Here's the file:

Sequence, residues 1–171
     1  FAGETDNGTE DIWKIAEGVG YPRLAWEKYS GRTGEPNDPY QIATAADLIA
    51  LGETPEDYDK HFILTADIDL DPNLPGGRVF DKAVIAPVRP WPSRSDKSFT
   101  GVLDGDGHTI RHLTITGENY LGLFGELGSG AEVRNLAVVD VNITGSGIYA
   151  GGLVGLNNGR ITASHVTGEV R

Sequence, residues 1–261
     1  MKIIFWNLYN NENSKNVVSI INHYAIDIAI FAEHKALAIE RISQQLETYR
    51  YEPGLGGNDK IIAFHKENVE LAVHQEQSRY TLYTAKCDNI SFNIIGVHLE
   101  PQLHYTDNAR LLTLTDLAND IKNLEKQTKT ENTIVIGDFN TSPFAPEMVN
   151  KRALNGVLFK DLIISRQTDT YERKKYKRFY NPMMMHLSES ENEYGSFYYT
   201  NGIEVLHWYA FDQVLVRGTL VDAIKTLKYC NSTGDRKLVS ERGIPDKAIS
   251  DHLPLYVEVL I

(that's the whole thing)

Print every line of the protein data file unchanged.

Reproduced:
Sequence, residues 1–171
     1  FAGETDNGTE DIWKIAEGVG YPRLAWEKYS GRTGEPNDPY QIATAADLIA
    51  LGETPEDYDK HFILTADIDL DPNLPGGRVF DKAVIAPVRP WPSRSDKSFT
   101  GVLDGDGHTI RHLTITGENY LGLFGELGSG AEVRNLAVVD VNITGSGIYA
   151  GGLVGLNNGR ITASHVTGEV R

Sequence, residues 1–261
     1  MKIIFWNLYN NENSKNVVSI INHYAIDIAI FAEHKALAIE RISQQLETYR
    51  YEPGLGGNDK IIAFHKENVE LAVHQEQSRY TLYTAKCDNI SFNIIGVHLE
   101  PQLHYTDNAR LLTLTDLAND IKNLEKQTKT ENTIVIGDFN TSPFAPEMVN
   151  KRALNGVLFK DLIISRQTDT YERKKYKRFY NPMMMHLSES ENEYGSFYYT
   201  NGIEVLHWYA FDQVLVRGTL VDAIKTLKYC NSTGDRKLVS ERGIPDKAIS
   251  DHLPLYVEVL I